Tibetans are forced to accept mandatory vocational training and labor transfer programs imposed by the Chinese regime
Tibetans take to the streets to protest religious repression in this file image. (Photo: AFP)
A U.N. human rights expert panel has alleged that the Chinese government is undermining the religious, linguistic, and cultural identity of Tibetans through mandatory vocational training programs and labor transfer.
Tomoya Obokata, the U.N. special rapporteur on contemporary forms of slavery, and other U.N. experts in an April 27 press release have warned that the programs could lead to forced labor, Radio Free Asia reported on May 1.
“I am not saying that all instances are involuntary because there is no clear evidence in that regard. … But in a similar way as with the Xinjiang situation, certain indicators of forced labor may be present,” said Obokata, a professor of international human rights law.
“That’s why we are asking the government to provide a clarification and answer at this stage,” Obokata added.
Obokata further pointed out that in some instances the Tibetans were often forced to accept the decisions of the Chinese authorities and join mandatory vocational training programs.
“[But] in practice, and according to the information that we receive from various sources, oftentimes they [Tibetans] do not have any choice, so they have no choice but to accept it [vocational training],” Obokata said.
According to U.N. experts, Tibet has an extensive labor transfer program that shifts Tibetan farmers, herders, and other rural workers into low-skilled and low-paid jobs.
“Tibetans are being drawn away from sustainable livelihoods in which they have traditionally had a comparative advantage, such as wool and dairy production, and into low-paid, low-skilled work in manufacturing and construction,” the U.N. experts said in the statement.
Tibetans have reportedly complained of discrimination and rights abuses by Chinese authorities through policies that they say are aimed at wiping out the Tibetan national and cultural identity, the U.N. experts said, RFA reported.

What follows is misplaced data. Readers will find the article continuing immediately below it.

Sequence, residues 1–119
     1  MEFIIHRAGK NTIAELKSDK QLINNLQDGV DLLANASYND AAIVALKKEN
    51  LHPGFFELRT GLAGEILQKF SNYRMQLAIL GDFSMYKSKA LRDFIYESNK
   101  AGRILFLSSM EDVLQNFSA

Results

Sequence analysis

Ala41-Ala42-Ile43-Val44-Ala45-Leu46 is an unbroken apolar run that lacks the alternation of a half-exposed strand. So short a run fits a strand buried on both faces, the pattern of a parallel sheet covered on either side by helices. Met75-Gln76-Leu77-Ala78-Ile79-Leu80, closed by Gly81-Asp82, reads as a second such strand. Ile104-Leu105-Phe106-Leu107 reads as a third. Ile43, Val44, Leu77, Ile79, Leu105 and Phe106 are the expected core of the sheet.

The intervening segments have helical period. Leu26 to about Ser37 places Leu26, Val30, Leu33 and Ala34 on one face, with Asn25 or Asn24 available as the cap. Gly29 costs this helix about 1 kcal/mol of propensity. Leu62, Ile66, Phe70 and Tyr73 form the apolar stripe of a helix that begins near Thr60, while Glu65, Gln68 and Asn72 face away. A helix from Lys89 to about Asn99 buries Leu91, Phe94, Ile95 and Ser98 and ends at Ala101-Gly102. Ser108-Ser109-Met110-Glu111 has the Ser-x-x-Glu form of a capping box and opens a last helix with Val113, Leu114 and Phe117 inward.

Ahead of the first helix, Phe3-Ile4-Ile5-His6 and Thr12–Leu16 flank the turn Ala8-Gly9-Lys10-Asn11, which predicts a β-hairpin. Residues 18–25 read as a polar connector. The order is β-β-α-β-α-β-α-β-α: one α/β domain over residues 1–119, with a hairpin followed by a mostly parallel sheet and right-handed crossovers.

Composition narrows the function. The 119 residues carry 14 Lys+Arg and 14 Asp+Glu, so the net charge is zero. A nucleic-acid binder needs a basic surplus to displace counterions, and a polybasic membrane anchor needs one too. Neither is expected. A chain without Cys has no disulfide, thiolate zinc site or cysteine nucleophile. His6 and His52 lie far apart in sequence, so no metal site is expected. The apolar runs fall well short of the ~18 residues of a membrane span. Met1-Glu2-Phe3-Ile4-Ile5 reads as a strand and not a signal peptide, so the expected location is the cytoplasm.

They further added that Tibetans are transferred directly from the mandatory training centers to new workplaces. However, they also pointed out that it was “unclear” if they have consented to the jobs.
China’s Communist regime also restricts Tibetans’ political activities and even interferes in their cultural and religious activities as Buddhists through the forced training programs, the expert panel including Obokata said.
The panel said that the programs were “designed to promote a non-plural, mono-racial and mono-ethnic nation, in violation of the prohibition of racial discrimination under international human rights law.”
The panel has urged China to provide details about measures in place for Tibetans to opt out of vocational training and labor transfer programs.
They have also asked China to monitor the working conditions of Tibetans in their new places of employment and to ensure respect for Tibetan religious, linguistic, and cultural identity.
The panel also voiced its concerns that the treatment meted out to the Tibetan people might escalate to restrictions placed on the Muslim-majority Uyghur community in China’s Xinjiang province.
“We are seeing similar patterns in terms of the treatment, so that’s why we are raising our concern at this time for Tibetan people,” Obokata said.
Tibet, with its rugged terrain, vast plateaus, and mountains including Mount Everest, has been mostly isolated from the world until the 1950s. The region has been known for its unique cultural and religious community that thrived with the strong influence of the Tibetan language and Tibetan Buddhism.
Tibet shares borders with the Chinese provinces of Sichuan, Qinghai, and Yunnan along with the countries of Myanmar, India, Bhutan, and Nepal.
China annexed Tibet in the 1950s by claiming it had always been an integral part of China. Tibetans in the region and outside consider China’s action as an invasion by a foreign force and have long struggled for independence despite brutal suppression.
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